Monday, August 01, 2016

Will the Ghost of Trump Haunt 2020?

It's mildly repugnant, in my opinion to start a conversation about the next presidential election before the current one is even done.  Considering the blood sport that our presidential elections have become, even for political junkies like myself having pundits start the conversation about what will happen in four years is a dialogue that makes me want to throw things.  I remember the exact moment four years ago where I switched away from CNN was when they mentioned the names "Rand Paul" and "Chris Christie" and "2016" and I thought "can't we let Obama's voters actually, you know, get some of the things he promised on the campaign trail before we relegate him a lame duck?"  That's how I largely feel about 2020 right now, particularly since the polls have been volatile in the past couple of weeks so we don't know who will be the next president, and in particular what kind of Congress he or she will have to deal with once they enter the Oval Office.

But there's an element of the 2016 elections that is going to factor so heartily into 2020, in my opinion, that I can't help but want to discuss it, and that is the question of To Trump or Not to Trump for prominent GOP-ers.  The reality is, no matter what kind of a convention boost Hillary Clinton gets or the approval ratings of President Obama, if we do indeed elect a Democrat in 2016 it will in large part due to the Republicans nominating arguably the most horrific major party nominee in the history of the country.  Donald Trump's repugnant attacks this campaign on a gold star family, fire marshalls, POW's, candidates' spouses-the list goes on and on and on and I suspect will just get larger and larger-has made him deeply controversial, and someone that many usually outwardly impartial journalists will openly reject in hopes of shaping the narrative.  Republicans, though very few present officeholders it's worth noting, have abandoned him, many of them prominently and publicly.  But my question goes to-what are the long-term ramifications of these actions, and will it hurt them in future presidential elections?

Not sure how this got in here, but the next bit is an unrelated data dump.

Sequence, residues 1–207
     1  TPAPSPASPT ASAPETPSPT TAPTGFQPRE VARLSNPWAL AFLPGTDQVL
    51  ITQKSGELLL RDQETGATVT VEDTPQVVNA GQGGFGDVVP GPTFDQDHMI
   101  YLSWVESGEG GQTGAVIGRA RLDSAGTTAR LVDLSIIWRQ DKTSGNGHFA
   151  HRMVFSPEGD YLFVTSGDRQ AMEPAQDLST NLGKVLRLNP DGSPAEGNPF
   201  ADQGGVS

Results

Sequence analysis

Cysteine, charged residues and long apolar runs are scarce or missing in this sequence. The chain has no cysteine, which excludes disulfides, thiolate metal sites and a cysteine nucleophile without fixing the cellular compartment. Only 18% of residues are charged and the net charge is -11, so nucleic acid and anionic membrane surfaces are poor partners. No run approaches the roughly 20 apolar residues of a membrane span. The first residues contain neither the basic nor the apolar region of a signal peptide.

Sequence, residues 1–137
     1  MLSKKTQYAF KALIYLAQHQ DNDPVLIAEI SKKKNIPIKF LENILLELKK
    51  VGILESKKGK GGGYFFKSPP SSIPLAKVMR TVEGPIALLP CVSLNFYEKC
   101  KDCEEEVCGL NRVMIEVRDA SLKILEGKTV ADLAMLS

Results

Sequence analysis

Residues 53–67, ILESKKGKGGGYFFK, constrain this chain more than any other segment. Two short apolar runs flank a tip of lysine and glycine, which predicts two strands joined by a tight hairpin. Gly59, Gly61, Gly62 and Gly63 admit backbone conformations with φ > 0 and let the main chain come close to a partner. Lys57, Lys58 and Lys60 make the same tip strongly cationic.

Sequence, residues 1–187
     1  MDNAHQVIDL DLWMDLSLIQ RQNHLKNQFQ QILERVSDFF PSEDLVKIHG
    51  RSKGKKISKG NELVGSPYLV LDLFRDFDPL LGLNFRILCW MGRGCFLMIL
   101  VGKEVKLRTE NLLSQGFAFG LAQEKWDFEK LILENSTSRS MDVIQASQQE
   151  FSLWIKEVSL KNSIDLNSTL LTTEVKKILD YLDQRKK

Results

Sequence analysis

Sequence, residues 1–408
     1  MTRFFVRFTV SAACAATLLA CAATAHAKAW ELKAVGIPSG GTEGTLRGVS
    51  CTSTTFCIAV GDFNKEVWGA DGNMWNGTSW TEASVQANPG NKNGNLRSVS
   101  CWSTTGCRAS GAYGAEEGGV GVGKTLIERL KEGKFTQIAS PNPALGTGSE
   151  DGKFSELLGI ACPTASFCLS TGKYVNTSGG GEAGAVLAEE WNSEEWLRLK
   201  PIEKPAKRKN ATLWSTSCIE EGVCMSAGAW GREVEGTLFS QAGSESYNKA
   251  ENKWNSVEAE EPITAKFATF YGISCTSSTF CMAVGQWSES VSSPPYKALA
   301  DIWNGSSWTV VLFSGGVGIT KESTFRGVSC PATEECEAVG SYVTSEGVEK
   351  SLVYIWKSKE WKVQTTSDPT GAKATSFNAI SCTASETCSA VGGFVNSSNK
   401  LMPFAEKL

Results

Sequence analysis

The reality is that we have no way of knowing, because in part we have no way of knowing who will win in November.  Hillary Clinton, less than 100 days from Election Day, is definitely leading in the polls, but there are enough Republicans in the country and her campaign has had enough twists-and-turns that I wouldn't totally dispel the idea that the election gets a lot closer.  We have never, for example, seen a Bradley Effect really happen when it comes to gender, but we've also never seen a woman run for president on a major party's ticket-will that make a difference when voters are alone in a ballot box?  Either way, Trump definitely could win, but right now he's the underdog, and for the purposes of this article let's assume he comes out in November on the losing side of 270.

Trump's campaign could be relegated to being a long national nightmare, of course.  We could decide communally to never speak of it again, and the Republican Party goes back to its business.  After all, it'll be difficult for a Democrat in four years to really run against someone who has been a Trump supporter unless they are the most vociferous of ones (Chris Christie's career ended the day that Trump tried to back out of Mike Pence and couldn't) since he never actually was president, but not impossible, particularly if it's an issue in the primary.  The reason for that is that there are still several Republicans, mostly men who lost to him on the campaign trail, who have pointedly refused to endorse Donald Trump, while other potential candidates in 2020 have endorsed Trump tepidly.